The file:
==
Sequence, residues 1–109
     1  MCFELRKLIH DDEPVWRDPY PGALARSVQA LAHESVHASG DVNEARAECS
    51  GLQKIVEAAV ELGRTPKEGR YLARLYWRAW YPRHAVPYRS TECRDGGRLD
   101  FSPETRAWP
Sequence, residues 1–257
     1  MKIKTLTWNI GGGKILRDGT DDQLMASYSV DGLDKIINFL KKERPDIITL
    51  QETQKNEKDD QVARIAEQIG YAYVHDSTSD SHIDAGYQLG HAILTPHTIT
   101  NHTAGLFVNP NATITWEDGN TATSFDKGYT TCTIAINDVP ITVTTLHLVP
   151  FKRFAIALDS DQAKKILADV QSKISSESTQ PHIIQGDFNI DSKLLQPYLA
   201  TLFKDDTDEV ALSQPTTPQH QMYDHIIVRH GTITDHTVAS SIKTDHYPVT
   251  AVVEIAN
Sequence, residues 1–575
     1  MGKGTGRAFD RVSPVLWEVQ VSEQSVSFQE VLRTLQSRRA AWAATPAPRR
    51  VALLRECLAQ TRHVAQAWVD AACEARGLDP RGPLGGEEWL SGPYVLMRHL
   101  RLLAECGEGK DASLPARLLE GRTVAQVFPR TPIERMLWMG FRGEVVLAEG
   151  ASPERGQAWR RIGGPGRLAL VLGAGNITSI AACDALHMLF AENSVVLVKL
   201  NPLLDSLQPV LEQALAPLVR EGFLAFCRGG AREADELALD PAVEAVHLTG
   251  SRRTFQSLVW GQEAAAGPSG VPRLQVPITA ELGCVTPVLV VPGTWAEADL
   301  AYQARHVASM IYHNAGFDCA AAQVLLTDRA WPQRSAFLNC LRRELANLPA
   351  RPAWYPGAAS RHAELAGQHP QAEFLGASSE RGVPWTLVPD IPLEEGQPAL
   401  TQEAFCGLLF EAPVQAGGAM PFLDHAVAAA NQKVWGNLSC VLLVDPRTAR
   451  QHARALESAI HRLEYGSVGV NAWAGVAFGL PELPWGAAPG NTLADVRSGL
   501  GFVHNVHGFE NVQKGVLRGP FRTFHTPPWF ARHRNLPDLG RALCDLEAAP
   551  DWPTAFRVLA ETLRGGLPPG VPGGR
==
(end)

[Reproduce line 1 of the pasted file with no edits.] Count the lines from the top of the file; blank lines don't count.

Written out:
Sequence, residues 1–109